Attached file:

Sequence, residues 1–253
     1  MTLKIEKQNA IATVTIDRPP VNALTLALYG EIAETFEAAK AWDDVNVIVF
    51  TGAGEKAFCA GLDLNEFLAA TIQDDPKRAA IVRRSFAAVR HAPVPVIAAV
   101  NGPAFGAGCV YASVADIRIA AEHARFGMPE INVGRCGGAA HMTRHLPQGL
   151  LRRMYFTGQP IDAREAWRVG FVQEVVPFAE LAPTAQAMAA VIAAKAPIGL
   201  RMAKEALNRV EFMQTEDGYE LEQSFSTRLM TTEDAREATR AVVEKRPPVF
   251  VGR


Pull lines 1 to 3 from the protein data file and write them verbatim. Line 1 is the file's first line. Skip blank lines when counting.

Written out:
Sequence, residues 1–253
     1  MTLKIEKQNA IATVTIDRPP VNALTLALYG EIAETFEAAK AWDDVNVIVF
    51  TGAGEKAFCA GLDLNEFLAA TIQDDPKRAA IVRRSFAAVR HAPVPVIAAV